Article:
When eight legs aren’t enough, spiders elect to balloon, sail and glide
We’ve all seen spiders walk, crawl, climb. Maybe skitter or run? These styles of transportation work fine for short distances, but what about a spider who needs to relocate? What about spiders suddenly out of their element? It turns out that they have a lot of good options, after to add “balloon,” “sail,” and “glide” to that initial list.
Relying on the whims of the wind
Ballooning spiders is probably the best known form of nonpedestrian transportation. The spider climbs to the top of a tall object and ejects a strand of silk which is hopefully caught by the wind, pulling the spider with it. It’s often used by baby spiders that need to redistribute themselves to avoid competing for resources, and as such the spider isn’t really concerned with picking a route— they just need to put some distance between themselves and their departure point.
This shiftlessness does have some risk involved though, since the spider could travel anywhere from a couple of feet to 990 miles, with no control over where it sets down. Fortunately, if the spider sets down on water, they still have other ways to get around (besides sinking). On still water, spiders have been observed being supported by surface tension and then “sailing” across the water. The spiders take advantage of wind or breezes to propel themselves to shore, angling their limbs, bodies or even more silk so they act more like sails on a boat.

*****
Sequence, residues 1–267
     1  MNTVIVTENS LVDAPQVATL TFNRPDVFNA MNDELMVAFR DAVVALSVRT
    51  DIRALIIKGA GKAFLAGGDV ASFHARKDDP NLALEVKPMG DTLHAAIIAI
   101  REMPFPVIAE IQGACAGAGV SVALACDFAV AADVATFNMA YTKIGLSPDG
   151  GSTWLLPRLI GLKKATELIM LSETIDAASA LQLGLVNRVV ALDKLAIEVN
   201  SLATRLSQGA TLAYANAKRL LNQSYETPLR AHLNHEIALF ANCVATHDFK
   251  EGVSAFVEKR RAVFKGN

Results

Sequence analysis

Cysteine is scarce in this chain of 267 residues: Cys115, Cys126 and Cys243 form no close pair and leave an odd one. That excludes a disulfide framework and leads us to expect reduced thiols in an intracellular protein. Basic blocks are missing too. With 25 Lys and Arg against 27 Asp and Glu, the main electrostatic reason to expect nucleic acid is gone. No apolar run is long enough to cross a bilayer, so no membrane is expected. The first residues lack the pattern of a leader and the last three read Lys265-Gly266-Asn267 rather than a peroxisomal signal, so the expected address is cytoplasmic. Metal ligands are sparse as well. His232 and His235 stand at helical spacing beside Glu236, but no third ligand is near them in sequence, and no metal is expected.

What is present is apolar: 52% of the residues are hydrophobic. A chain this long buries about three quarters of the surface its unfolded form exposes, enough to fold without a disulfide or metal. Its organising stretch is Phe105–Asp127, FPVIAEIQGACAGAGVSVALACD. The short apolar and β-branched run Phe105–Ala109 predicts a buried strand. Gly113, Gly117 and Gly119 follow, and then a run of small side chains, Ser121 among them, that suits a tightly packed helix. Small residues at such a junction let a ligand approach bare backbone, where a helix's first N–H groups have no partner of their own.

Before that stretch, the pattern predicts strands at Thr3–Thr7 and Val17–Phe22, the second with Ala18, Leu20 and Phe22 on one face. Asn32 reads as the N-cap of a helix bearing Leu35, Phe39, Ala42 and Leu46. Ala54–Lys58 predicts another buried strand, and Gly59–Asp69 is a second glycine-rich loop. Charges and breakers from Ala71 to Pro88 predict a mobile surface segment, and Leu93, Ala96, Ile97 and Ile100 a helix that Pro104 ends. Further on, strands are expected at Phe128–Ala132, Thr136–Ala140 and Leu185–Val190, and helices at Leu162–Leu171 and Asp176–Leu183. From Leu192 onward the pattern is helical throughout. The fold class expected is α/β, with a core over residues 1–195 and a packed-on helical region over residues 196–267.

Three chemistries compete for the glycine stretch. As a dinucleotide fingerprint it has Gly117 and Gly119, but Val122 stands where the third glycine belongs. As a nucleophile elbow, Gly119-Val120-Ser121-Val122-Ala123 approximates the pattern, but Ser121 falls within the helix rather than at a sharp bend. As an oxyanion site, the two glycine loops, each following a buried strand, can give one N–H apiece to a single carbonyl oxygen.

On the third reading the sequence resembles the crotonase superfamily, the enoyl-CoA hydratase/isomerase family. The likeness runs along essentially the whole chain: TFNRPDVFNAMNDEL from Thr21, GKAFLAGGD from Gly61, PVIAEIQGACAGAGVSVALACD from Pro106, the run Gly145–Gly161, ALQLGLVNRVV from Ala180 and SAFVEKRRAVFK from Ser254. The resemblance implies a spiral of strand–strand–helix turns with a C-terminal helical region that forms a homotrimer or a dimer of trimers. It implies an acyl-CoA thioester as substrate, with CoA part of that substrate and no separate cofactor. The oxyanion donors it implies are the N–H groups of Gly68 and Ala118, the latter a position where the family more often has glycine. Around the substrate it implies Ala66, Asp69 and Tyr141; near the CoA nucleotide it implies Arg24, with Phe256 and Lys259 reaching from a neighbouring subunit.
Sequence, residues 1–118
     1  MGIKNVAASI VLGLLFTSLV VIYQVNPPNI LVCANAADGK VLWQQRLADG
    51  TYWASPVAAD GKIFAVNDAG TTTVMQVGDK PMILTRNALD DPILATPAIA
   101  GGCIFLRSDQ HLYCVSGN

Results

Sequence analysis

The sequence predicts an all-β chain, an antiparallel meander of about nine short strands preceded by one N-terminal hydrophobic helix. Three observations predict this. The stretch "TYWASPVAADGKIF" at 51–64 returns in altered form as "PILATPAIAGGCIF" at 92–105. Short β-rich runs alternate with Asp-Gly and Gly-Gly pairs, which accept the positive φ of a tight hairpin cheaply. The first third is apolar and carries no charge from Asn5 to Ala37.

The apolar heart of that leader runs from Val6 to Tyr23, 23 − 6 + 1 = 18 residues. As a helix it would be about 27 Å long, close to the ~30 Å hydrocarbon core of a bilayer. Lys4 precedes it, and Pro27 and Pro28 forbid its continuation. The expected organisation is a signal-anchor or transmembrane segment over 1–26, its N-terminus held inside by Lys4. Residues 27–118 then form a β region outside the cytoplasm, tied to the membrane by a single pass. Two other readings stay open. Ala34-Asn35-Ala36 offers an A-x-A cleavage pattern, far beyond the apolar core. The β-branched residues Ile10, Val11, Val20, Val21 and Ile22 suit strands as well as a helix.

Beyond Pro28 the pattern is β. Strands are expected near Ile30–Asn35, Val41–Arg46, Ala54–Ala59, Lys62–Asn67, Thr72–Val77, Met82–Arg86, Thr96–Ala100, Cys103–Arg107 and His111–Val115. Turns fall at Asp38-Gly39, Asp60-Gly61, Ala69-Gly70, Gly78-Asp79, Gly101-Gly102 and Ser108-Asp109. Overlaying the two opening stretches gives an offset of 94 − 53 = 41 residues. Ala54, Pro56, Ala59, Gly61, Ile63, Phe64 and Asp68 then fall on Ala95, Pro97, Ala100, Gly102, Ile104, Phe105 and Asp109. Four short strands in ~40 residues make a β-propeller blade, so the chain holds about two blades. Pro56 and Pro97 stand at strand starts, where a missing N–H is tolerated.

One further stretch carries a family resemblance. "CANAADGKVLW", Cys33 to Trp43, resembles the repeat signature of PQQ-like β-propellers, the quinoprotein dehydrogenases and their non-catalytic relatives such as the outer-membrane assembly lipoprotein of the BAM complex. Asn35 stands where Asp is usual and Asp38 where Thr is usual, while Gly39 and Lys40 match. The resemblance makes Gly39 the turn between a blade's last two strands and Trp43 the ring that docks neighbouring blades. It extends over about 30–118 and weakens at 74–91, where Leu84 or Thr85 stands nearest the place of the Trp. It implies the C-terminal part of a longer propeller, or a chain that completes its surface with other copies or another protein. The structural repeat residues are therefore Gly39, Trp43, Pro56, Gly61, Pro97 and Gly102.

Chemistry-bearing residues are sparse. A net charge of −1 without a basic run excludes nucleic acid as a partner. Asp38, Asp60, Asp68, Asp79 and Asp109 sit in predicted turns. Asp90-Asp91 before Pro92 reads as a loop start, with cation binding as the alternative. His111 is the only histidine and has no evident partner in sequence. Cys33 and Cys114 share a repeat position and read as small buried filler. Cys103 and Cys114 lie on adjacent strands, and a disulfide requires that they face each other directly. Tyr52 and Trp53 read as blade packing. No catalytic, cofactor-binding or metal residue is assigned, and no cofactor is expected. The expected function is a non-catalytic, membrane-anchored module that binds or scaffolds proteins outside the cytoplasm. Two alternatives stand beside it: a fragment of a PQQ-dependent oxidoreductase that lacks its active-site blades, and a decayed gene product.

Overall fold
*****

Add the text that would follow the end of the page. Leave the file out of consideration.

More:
Not all spiders rely on silk for their aeronautics though. Members of the genus Selenops, like S. banski, have remarkably flat bodies, which they’re able to use like hang-gliders. They normally live in trees in dense forests, and if they loose their grip on the tree for any reason, they can right themselves in the air, and then use their legs as rudders to steer themselves back to the tree trunk.
Unlike ballooning spiders, S. banski isn’t looking to relocate, but return to a safe location in its tree. The forest floor can expose the spiders to a variety of predators, or in the case of tropical rain-forests, flooding (and then predatory fish). By gliding back their tree, they avoid such confrontations and are able to resume their walking, climbing, creeping and crawling.
My first grader asked: Do Selenops spiders jump from the tree to avoid birds? Are they bailing out with these glides, or just correcting a fall?
While the experiments observing the mechanics of their gliding relied on tossing them out of plastic cups, the spiders do normally jump and glide as a way to move around their local foliage more quickly. Presumably this would include evading birds as well, although it seems they also do it as a quick way to move around the trees.
Source: 'Base Jumping' Spider Soars from Rainforest Treetops by Elizabeth Palermo, Live Science